Five Reasons Why Google Health Failed
In many ways it’s a shame that Google has pulled out of evangelizing the PHR. We have long been vocal that healthcare would benefit from non-traditional players entering the market with tech based solutions despite our skepticism on PHR adoption trends; that an outsider like Google tried to use its vast resources to innovate the healthcare market was inspiring.
Ideally, Google would have brought fresh ideas and tried-and-tested approaches from other industries (financial services, e-commerce) to tackle issues like collaboration, workflow integration, and data silos – all bugaboos for healthcare which other industries have solved.
Our top five reasons why Google Health failed:
- Lacked executive support within Google
- Lacked an elegant user interface
- Never deployed a scalable business/revenue model
- Failed to capture physician support
- Lacked Integration capabilities to healthcare information sources
Perhaps if Google Health was more Google-like (social, able to leverage advertising or other information monetization models, always connected to underlying information sources, and much more consumer friendly), adoption would have been better.
It’s likely however, that Google Health was doomed from the start.
Outside of tech geeks and fitness enthusiasts, PHRs simply have not seen wide market adoption as the most patients haven’t aligned around a paradigm of managing their health information 24×7. Google created an engagement tool without a strategy to “engage the unengaged” and bet on the come that user adoption would materialize around the strength of Google’s brand.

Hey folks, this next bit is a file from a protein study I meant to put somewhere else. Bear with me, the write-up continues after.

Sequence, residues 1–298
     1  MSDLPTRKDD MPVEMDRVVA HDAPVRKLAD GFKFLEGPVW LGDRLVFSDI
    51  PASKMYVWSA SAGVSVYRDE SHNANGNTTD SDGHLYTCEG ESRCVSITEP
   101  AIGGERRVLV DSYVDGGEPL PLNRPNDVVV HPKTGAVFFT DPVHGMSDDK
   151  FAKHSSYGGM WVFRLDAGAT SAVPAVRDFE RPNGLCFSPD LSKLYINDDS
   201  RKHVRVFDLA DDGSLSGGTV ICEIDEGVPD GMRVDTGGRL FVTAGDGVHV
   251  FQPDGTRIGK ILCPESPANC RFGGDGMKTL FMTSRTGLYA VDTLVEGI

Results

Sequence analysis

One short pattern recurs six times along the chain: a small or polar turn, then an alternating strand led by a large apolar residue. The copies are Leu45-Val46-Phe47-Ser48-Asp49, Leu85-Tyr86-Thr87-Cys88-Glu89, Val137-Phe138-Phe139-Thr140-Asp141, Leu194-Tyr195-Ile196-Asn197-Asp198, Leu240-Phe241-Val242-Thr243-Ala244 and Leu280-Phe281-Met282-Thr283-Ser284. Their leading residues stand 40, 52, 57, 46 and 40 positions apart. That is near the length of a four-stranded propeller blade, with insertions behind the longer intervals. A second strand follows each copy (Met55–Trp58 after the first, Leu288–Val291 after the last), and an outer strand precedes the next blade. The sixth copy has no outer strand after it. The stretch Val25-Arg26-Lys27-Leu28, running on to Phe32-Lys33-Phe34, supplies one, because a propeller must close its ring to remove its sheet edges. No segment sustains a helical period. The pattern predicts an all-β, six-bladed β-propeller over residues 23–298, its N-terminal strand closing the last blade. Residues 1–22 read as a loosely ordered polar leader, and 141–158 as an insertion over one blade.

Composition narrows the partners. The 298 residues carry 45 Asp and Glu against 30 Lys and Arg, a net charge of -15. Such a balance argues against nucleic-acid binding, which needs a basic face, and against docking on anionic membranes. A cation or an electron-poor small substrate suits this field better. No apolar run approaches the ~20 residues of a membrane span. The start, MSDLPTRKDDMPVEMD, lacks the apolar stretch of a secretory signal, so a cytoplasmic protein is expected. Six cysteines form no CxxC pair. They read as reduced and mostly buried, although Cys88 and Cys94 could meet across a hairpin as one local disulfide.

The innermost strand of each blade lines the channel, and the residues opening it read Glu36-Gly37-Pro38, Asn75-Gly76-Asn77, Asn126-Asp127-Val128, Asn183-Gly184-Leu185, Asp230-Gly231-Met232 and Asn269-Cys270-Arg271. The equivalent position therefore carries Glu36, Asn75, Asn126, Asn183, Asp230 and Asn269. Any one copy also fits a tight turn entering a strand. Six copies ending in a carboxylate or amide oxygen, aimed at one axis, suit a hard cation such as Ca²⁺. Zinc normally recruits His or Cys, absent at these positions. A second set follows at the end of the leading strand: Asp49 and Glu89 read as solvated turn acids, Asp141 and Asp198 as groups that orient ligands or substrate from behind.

Over the past several months we have increasingly talked and written about a healthcare market where consumers want to and in fact are becoming more engaged in their health. The problem is that consumers don’t know how to engage in their own health, and physicians don’t offer the necessary catalyst to make it happen.
Tools (like Google Health) are not enough. Healthcare organizations need to put entire programs in place to engage a consumer with clearly articulated benefits (incentives, cost savings, better access to care, better care, etc.). Once in place, more effective consumer targeting and engagement will follow.
In the coming weeks, we will be publishing research on consumer engagement platforms in healthcare and where innovative technologies will attempt to “engage the unengaged”.
Until then, let us know what you think.
Scott Donahue is a Vice President at TripleTree covering infrastructure and application technologies across numerous industries and specializes in assessing the “master brands” of IT and Healthcare. Follow Scott on Twitter or e-mail him at firstname.lastname@example.org